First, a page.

VAPOURS is a word commonly used in eighteenth-century literature to account for eccentricity. VAPOURS were exhalations, given off by the stomach or other organs of the body, that rose to the head, causing depression, melancholy, hysteria, and so forth. In 1541 Sir Thomas Elyot wrote that "of humours some are more grosse and cold, some are subtyl and hot and are called vapours." Heroines of eighteenth-century fiction were particularly susceptible. Young, in 1728, produced these lines:
Sometimes, thro' pride the sexes change their airs;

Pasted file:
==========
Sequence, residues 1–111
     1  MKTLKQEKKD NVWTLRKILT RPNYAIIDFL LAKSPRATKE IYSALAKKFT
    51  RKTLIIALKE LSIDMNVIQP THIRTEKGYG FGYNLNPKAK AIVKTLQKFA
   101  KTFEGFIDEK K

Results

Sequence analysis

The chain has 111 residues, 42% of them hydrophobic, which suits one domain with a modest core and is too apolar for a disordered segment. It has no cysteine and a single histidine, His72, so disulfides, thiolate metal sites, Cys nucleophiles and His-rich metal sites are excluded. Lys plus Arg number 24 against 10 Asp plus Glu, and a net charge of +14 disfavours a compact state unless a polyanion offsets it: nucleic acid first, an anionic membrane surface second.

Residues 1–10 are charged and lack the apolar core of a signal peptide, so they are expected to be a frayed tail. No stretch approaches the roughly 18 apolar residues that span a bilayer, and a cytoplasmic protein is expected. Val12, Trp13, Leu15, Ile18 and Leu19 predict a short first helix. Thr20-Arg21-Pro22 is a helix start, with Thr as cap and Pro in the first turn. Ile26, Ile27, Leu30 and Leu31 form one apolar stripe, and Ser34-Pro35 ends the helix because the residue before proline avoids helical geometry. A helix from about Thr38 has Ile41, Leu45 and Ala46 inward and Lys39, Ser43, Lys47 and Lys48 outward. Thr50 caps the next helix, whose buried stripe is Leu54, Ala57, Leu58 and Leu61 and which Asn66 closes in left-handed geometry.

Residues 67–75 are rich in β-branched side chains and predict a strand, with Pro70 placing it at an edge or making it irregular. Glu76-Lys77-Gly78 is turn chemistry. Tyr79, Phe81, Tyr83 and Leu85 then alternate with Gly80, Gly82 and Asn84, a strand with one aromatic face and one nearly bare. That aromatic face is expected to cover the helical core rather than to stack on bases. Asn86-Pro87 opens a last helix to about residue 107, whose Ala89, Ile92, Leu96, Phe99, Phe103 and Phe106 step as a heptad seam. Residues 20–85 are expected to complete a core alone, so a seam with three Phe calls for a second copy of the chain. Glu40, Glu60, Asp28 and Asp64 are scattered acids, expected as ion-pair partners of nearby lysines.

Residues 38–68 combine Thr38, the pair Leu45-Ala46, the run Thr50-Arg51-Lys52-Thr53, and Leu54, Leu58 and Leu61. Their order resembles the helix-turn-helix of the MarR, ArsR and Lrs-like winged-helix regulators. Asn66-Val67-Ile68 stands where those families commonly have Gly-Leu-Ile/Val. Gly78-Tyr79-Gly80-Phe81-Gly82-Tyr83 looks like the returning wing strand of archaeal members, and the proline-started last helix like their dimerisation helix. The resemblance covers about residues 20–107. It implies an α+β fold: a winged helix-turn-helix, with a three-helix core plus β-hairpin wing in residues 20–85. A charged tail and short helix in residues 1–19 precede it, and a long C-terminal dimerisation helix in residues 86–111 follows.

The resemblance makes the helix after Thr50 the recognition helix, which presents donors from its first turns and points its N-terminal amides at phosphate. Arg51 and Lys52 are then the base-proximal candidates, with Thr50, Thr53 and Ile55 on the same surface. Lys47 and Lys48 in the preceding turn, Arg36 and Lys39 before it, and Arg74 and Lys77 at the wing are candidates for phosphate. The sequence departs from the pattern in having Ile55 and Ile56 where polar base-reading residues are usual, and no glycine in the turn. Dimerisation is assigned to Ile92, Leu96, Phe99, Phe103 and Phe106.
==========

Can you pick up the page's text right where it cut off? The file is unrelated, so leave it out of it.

My lord has vapours, and my lady swears.
Too bad the Victorians didn't have access to that other V word, Valium, which would cure their vapours quite well. As a matter of fact, too bad we modern women don't have access to it, except when we go to the dentist. Okay, maybe it's good we don't, after all.
(This post has been inspired by and in some instances, directly quoted from A Handbook to Literature, 8th Edition, by William Harmon and C. Hugh Holman)